Unlike some GAP insurance policies, loan/lease payoff coverage can be purchased at any time — even for used cars. Loan/lease payoff coverage is less commonly offered by insurance companies, but it could be a compelling alternative to GAP insurance depending on your situation.
New car replacement insurance
In contrast to GAP insurance, new car replacement insurance is add-on coverage that replaces your totaled car with a brand new vehicle after a covered event. This is especially useful for borrowers with new or barely used vehicles for whom getting back on the road would be costly after a total loss — even with GAP insurance.
However, new car replacement insurance is limited in its coverage depending on the insurance company you buy from. Typically, your vehicle must be relatively new — generally under five years old, though often even newer — and have low mileage. You might also be required to maintain a car insurance policy with full coverage.
Some insurance companies also offer “better car replacement insurance,” which promises to pay for a new, better car following a covered event.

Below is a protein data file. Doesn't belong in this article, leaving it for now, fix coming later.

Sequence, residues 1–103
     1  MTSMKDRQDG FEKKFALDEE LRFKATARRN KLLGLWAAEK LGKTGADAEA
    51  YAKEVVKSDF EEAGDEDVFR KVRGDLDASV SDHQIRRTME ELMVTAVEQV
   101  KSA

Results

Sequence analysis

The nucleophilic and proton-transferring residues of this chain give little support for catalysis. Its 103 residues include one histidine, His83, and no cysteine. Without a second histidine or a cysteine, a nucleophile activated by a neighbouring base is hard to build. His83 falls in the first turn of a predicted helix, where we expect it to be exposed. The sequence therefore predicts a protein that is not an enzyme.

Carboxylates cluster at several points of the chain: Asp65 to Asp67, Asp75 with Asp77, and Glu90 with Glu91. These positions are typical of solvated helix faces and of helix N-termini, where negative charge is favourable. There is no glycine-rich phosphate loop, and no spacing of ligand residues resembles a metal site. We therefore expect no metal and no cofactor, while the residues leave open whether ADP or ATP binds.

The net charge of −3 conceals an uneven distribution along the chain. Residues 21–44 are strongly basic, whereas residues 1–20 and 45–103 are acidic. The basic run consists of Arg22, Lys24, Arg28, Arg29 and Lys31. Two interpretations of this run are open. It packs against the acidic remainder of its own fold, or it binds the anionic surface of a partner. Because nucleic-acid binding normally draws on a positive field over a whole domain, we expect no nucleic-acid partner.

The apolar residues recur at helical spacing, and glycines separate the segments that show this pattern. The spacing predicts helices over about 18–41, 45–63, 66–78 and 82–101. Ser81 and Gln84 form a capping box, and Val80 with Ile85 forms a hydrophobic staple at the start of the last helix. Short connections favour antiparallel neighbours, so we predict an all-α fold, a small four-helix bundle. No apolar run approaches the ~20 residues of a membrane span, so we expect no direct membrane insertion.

Refinance your car loan
An auto loan refinance replaces your existing car loan with a new one. Though this doesn’t help you cover the gap between your vehicle’s ACV and your remaining loan balance, it can help you secure a lower interest rate, shorter loan term, and more affordable monthly payment, potentially reducing — or even eliminating — your need for GAP insurance.
However, if that need still exists, many lenders let you purchase a GAP waiver at the time of refinancing.
Got a Gap? GAP Insurance Might Be Worth It
Financing a car is expensive, even though your shiny new car starts depreciating the moment you drive off the lot. Making up the difference between its actual cash value — which constantly drops — and a potentially sizable loan balance could be difficult, if not impossible.
GAP insurance bridges that gap. Though you’re still on the hook for getting yourself a new set of wheels, you can do so with a clean slate, without the risk of needing to wrap your remaining loan balance into a new one (and starting with negative equity) or paying off two car loans at the same time.